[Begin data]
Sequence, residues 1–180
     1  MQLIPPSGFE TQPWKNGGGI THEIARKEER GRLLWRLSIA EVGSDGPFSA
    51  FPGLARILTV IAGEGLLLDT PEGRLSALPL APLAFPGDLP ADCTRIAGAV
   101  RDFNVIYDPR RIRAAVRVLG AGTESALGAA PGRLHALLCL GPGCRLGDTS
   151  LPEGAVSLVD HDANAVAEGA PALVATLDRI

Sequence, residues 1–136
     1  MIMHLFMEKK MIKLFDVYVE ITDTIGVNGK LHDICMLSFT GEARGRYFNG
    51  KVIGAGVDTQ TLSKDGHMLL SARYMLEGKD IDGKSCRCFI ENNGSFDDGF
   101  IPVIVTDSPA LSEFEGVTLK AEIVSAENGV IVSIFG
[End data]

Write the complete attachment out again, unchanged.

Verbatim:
Sequence, residues 1–180
     1  MQLIPPSGFE TQPWKNGGGI THEIARKEER GRLLWRLSIA EVGSDGPFSA
    51  FPGLARILTV IAGEGLLLDT PEGRLSALPL APLAFPGDLP ADCTRIAGAV
   101  RDFNVIYDPR RIRAAVRVLG AGTESALGAA PGRLHALLCL GPGCRLGDTS
   151  LPEGAVSLVD HDANAVAEGA PALVATLDRI

Sequence, residues 1–136
     1  MIMHLFMEKK MIKLFDVYVE ITDTIGVNGK LHDICMLSFT GEARGRYFNG
    51  KVIGAGVDTQ TLSKDGHMLL SARYMLEGKD IDGKSCRCFI ENNGSFDDGF
   101  IPVIVTDSPA LSEFEGVTLK AEIVSAENGV IVSIFG